When reading through Gorey’s Amphigorey: Fifteen Books, I noted how the fonts change from story to story, and how they indicate whether the particular section will be an intense and scary or a whimsical and funny.
For example, “Bug Book” is very childlike in its simplicity and charm. The font Gory uses follows suit, it has an innocence about it and almost looks like the handwriting of an adolescent (see below).
In contrast, I found “The Hapless Child” to be utterly terrifying and depressing, not at all fit for a child’s bedtime story. The font in this story is a gothic-style script that conveys a sort of melancholy and dramatic feeling (see below).
One more example is from “The Curious Sofa”. This story was quite erotic and bizarre, and I found that the font really fit with the themes. There is also something very playful about the way the letters curl at the ends that tells the reader to not take the story very seriously.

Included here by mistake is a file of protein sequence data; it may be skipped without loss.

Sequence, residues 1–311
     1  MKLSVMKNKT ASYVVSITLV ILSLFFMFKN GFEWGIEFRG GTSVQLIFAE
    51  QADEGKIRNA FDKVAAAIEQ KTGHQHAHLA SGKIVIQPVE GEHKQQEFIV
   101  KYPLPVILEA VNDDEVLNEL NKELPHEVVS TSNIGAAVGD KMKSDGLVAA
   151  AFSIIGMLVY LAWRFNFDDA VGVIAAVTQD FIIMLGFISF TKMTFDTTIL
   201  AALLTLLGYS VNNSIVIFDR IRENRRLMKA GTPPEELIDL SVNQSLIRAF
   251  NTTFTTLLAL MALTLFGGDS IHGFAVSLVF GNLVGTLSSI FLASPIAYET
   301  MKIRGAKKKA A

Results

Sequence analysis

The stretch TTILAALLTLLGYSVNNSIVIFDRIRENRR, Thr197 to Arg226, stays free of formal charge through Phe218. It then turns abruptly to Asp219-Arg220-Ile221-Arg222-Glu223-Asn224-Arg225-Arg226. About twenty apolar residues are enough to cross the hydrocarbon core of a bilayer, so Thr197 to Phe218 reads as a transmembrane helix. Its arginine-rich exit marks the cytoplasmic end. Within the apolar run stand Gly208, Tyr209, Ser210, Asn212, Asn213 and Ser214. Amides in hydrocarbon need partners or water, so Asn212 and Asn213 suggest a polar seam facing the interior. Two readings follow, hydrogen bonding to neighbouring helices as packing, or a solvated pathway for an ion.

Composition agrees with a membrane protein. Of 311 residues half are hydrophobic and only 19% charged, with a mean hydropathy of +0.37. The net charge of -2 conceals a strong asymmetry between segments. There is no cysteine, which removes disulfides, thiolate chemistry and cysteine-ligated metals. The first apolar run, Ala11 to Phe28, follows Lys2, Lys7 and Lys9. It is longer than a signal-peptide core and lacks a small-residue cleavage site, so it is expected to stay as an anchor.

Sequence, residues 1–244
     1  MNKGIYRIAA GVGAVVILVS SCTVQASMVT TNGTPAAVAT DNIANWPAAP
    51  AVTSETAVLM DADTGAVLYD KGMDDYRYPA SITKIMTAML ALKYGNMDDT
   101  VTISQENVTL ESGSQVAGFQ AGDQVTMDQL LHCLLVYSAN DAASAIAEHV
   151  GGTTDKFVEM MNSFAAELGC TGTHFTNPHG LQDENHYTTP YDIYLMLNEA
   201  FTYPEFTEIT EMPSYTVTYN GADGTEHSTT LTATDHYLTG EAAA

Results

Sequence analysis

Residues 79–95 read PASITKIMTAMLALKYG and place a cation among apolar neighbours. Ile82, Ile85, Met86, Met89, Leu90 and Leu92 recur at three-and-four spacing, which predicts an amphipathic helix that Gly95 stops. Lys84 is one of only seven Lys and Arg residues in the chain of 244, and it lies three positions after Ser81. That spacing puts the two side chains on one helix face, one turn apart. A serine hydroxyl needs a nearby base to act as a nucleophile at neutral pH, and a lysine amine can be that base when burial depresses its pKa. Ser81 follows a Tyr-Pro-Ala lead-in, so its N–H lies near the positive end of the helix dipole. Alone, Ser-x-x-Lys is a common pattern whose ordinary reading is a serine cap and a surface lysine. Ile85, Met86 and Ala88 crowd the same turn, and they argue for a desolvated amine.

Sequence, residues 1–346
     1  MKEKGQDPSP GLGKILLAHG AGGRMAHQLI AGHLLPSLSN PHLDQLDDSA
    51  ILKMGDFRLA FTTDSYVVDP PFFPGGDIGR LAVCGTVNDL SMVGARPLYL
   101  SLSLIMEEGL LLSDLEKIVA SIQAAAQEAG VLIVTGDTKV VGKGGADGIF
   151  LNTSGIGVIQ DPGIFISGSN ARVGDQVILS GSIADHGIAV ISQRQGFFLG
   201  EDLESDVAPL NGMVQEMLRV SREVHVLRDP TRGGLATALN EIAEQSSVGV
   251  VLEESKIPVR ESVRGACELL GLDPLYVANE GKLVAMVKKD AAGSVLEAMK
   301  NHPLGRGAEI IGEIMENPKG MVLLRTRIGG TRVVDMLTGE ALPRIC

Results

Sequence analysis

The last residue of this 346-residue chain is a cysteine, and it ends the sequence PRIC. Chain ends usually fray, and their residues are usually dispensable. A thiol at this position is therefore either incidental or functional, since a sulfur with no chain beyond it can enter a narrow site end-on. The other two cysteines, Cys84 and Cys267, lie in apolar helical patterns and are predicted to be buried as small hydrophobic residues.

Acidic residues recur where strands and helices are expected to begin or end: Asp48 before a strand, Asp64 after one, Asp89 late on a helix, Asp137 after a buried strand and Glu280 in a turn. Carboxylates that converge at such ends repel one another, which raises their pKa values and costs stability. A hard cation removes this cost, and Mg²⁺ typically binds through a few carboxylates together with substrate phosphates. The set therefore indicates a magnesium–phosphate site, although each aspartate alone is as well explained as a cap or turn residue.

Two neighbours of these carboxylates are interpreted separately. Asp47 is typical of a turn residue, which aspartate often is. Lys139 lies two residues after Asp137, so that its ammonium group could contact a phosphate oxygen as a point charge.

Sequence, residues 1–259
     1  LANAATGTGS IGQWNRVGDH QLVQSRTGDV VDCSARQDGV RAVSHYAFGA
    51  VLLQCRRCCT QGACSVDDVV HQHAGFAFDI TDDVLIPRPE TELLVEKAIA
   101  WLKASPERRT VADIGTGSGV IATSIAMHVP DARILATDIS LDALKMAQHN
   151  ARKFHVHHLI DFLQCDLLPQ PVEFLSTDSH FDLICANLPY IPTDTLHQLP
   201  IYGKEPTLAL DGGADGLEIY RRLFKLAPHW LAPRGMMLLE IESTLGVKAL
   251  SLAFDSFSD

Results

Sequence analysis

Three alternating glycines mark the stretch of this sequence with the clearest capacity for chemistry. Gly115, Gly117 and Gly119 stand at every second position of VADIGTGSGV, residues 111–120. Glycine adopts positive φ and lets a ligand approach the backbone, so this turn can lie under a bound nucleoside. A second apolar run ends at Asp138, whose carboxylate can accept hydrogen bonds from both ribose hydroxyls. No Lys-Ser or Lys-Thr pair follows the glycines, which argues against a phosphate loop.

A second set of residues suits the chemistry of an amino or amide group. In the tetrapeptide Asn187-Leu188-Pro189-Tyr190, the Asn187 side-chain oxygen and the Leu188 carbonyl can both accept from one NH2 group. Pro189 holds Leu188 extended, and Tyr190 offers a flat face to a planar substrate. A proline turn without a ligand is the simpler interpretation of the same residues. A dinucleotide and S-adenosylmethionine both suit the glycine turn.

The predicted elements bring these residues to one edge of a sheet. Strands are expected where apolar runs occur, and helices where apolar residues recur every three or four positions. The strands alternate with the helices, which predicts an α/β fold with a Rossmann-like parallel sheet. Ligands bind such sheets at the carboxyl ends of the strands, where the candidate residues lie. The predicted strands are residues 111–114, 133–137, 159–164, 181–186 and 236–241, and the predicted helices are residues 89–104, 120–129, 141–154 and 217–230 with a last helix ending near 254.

Examining Gorey’s font choice can provide insights into his intentions of the story and its meaning. It also shows the variety that Gorey is capable of–covering everything from an innocent children’s story about the teamwork of bugs to the horrifying death of a child to a pornographic story all in the span of thirty pages!